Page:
Oct 032014
 
PROFESSOR ROLAND G. SIMBULAN'S SWORN STATEMENT FOR THE HUMAN RIGHTS
REPARATION BOARD.


Republic of the Philippines }
Quezon City}



                                      SWORN STATEMENT

KNOW ALL MEN BY THESE PRESENTS

     I, ROLAND G. SIMBULAN, Filipino, and of legal age, with residence
and postal address at____ Quezon City, after having been sworn to in
accordance with law, do hereby state that:

     1. As a former political detainee who was arrested and tortured
during the Marcos martial law dictatorship, I am executing this sworn
statement and narrative of my experience in being arrested, tortured
and temporarily "made to disappear" during my detention, in accordance
with the requirements of the Human Rights Victims Reparation and
Recognition Act of 2013.

      2. I am presently FULL PROFESSOR 12 at the University of the
Philippines (U.P.) where I was elected and served as Faculty Regent of
the U.P. System (2006-2007), and Vice Chancellor for Planning and
Development in U.P. Manila (2002-2005).


THAT, I was arrested and detained twice during Martial Law for a total
of ten months in detention. First, in 1974, and then in 1977.  I was
first arrested in 1974 as I was accused of continuing my subversive
activities as organizer of the Kabataang Makabayan since my high
school days at the Ateneo, and later as KM community organizer and
general secretary (gensec) of KM chapters at Marikina and Rizal
(Coordinating Body - 3).  During martial law, I was being accused of
allegedly helping reorganize KM chapters in Marikina and Rizal towns
under the underground organization, Bagong Katipunan.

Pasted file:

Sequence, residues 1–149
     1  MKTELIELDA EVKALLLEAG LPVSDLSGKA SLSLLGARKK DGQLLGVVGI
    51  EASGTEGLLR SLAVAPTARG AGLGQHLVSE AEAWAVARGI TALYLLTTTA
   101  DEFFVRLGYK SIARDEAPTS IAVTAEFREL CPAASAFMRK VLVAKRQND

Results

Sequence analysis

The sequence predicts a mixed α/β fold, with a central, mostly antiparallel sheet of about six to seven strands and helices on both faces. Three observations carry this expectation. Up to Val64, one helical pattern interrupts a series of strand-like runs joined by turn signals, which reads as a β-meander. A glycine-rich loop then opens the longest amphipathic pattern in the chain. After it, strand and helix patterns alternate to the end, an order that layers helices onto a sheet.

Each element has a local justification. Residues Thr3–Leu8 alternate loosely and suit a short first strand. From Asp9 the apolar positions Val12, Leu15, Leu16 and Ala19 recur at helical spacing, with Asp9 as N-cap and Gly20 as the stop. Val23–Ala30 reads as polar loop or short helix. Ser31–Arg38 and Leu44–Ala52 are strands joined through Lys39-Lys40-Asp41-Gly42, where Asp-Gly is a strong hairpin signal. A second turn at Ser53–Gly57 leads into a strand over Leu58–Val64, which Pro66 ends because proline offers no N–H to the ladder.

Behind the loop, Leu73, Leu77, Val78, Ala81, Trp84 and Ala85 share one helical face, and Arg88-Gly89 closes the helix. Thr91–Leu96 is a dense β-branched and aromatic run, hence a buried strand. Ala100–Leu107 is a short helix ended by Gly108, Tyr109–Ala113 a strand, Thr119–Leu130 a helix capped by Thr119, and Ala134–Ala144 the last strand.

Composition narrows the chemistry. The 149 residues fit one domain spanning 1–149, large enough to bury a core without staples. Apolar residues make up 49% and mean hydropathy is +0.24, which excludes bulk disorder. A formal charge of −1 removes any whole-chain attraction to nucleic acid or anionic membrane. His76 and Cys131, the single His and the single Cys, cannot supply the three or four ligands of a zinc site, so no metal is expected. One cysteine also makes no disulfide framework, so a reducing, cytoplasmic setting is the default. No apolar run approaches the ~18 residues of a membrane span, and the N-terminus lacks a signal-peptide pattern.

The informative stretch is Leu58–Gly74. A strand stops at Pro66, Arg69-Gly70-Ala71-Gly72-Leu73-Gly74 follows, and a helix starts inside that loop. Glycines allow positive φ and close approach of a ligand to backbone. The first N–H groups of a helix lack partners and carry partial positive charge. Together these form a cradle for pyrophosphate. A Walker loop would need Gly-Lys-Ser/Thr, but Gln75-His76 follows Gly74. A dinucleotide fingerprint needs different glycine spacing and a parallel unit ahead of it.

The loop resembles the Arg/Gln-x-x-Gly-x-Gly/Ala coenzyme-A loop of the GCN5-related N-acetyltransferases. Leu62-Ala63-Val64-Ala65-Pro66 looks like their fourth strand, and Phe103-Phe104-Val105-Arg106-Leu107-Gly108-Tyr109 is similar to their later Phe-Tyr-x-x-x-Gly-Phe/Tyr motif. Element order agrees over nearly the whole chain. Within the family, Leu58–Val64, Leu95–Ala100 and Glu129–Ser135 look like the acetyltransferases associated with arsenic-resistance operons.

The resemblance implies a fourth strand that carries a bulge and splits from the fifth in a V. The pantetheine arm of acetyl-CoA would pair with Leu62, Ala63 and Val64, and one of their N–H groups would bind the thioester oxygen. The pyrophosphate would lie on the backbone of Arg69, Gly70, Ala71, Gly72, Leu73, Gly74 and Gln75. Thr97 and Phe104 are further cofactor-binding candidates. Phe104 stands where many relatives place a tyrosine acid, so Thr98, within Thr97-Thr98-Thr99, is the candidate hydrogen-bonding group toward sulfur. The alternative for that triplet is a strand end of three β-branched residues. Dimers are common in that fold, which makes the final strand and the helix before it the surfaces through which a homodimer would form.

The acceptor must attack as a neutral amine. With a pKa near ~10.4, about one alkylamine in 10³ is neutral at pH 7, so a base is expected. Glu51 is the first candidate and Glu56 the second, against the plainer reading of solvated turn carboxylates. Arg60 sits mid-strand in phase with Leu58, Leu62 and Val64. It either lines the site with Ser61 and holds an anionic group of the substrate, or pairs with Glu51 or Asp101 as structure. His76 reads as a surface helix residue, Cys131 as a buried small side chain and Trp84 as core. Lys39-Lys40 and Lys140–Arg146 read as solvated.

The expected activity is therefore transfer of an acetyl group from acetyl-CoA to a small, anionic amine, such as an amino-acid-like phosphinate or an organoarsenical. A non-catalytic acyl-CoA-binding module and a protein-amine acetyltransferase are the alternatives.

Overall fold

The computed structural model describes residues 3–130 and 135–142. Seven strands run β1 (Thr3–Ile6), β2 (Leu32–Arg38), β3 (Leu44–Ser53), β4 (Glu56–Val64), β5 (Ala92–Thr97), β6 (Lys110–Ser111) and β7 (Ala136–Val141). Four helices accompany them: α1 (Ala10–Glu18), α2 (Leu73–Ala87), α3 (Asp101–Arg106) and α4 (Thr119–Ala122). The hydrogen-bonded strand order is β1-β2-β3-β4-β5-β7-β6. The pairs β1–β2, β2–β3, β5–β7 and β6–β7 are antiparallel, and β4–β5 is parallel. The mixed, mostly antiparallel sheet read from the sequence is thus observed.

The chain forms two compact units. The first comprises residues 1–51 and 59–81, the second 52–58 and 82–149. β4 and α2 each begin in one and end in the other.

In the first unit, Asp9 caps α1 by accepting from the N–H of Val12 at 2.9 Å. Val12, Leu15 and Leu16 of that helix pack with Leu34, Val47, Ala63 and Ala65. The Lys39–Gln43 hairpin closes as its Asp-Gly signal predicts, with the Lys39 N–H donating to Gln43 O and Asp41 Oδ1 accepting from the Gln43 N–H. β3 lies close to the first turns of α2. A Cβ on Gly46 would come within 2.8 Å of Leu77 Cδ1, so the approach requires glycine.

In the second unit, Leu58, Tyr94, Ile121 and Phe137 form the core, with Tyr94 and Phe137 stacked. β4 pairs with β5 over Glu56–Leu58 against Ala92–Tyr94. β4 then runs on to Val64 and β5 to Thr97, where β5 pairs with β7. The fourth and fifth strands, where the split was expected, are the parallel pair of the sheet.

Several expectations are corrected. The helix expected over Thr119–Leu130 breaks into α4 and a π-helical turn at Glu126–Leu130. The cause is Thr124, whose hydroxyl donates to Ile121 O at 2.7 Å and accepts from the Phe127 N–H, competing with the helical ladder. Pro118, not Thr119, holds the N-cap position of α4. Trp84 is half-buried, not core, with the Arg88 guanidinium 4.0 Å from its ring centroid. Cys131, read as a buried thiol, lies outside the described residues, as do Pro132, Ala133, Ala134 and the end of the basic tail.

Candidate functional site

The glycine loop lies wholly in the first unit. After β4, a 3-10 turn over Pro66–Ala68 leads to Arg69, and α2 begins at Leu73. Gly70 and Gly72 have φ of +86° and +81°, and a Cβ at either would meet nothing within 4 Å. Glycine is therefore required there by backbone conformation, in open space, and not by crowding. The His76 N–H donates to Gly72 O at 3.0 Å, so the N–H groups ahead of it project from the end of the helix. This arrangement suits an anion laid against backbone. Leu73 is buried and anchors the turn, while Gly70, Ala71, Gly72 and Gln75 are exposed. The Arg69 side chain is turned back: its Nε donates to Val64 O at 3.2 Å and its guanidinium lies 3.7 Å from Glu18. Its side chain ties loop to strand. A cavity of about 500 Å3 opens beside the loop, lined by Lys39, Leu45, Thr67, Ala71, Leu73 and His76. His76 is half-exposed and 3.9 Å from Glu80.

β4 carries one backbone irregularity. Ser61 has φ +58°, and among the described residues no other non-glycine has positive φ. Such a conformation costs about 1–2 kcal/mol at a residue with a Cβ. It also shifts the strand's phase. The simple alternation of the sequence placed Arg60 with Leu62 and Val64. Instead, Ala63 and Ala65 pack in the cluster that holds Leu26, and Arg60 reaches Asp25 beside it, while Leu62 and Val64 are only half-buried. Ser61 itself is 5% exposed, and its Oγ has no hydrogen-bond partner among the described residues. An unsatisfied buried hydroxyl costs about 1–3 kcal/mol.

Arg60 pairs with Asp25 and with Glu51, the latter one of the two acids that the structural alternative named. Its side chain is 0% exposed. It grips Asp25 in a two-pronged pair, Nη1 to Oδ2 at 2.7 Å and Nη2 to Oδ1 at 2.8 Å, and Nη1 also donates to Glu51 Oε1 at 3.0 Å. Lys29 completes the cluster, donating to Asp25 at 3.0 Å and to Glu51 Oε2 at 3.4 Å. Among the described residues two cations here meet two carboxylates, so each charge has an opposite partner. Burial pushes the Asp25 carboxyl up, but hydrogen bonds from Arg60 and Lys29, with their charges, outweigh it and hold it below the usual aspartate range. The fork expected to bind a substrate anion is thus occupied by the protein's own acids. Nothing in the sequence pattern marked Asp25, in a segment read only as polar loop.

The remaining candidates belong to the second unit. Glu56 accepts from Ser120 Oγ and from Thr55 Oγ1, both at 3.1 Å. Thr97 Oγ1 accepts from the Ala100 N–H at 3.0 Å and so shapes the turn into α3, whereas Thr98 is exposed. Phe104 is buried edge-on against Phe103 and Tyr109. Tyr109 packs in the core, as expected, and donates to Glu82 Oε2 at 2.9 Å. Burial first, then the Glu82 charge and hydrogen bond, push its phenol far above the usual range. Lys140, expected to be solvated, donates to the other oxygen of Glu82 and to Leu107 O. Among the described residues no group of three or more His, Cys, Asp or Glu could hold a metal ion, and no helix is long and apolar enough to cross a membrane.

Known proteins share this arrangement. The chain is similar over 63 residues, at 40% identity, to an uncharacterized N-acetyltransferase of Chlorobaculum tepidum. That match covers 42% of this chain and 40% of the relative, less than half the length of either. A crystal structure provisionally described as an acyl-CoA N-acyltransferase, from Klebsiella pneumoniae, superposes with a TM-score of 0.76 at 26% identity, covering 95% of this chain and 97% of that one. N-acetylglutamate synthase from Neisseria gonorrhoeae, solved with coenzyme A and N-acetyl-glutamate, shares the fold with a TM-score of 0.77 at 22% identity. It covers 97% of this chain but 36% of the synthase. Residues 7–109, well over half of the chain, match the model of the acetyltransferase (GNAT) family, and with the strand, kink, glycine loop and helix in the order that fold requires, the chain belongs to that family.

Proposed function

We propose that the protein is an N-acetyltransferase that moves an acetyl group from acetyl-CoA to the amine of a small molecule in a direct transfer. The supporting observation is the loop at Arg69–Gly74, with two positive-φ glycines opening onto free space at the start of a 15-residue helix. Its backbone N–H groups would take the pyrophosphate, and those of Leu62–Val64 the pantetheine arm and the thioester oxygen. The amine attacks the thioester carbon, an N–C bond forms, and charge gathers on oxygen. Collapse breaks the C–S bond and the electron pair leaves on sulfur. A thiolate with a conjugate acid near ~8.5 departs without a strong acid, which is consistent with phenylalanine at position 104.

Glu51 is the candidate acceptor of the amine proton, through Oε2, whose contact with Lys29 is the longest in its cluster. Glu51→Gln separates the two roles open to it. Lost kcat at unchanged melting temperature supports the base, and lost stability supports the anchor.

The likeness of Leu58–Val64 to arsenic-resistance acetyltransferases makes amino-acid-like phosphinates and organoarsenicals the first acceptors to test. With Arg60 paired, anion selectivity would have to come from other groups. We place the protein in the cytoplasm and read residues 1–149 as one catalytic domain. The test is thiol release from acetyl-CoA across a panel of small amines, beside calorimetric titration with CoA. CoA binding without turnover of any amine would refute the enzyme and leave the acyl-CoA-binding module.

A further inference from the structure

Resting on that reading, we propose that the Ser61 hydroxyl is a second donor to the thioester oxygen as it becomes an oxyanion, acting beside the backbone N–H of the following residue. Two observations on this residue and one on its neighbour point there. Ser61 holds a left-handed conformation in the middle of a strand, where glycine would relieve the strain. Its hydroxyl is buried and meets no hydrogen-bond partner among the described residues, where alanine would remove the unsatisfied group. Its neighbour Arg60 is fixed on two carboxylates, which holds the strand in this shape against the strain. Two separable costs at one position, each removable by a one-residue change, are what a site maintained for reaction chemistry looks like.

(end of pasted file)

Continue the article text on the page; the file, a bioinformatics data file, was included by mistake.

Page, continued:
THAT, during the first time that I was arrested in 1974, I was
severely tortured both physically and mentally by members of the 5th
Constabulary Security Group. I lost two of my teeth in the process of
being punched and knocked down during interrogation.  It also caused
the disruption of the studies at U.P. where I was still at the early
stages of my university curriculum.

     THAT, in 1974, when I was first abducted and arrested one evening
in March 1974, by armed agents of the 5th Constabulary Security
Group(5th CSU), I was kept incommunicado and made to "disappear"  for
almost three weeks of my detention while being interrogated. This
caused great anguish on the part of my parents, relatives and friends
who, upon visiting several military camps looking for me when I
suddenly disappeared, were told by military authorities that I was not
arrested nor detained there.

      THAT when I was brought and detained at first at Camp Crame, at
the offices of the 5th CSU for three weeks, I was physically and
mentally tortured. During my so-called tactical interrogation for
almost two and a half days, I was threatened to death and
intentionally, they made me overhear conversation among themselves to
"make me disappear", punched on the head and body, by a certain Sgt.
Villanueva and other unknown torturer-agents of the 5th CSU at Camp
Crame, and who were mostly not wearing any uniform or identification
insignias. During the interrogation, I was not allowed to sleep nor
given enough food and just given biscuits and a little water. A loaded
gun was even placed on the table, maybe for them to see if I would
grab it so they would have a reason to shoot me down while ostensibly
trying to escape. On my second night in the CSU cell, a group of
farmers from Bulacan were brought in, when I started conversing with
them to find out where they are from and what happened to them, a man
wearing black commando uniform and black boots, with an UZI
submachinegun hung on his shoulder, came into the cell and, while
cursing, started kicking my legs and body, saying, "Kahit nakakulong
ka na, hindi ka pa nadala, at patuloy at teach-in mo, ha" (SOB, you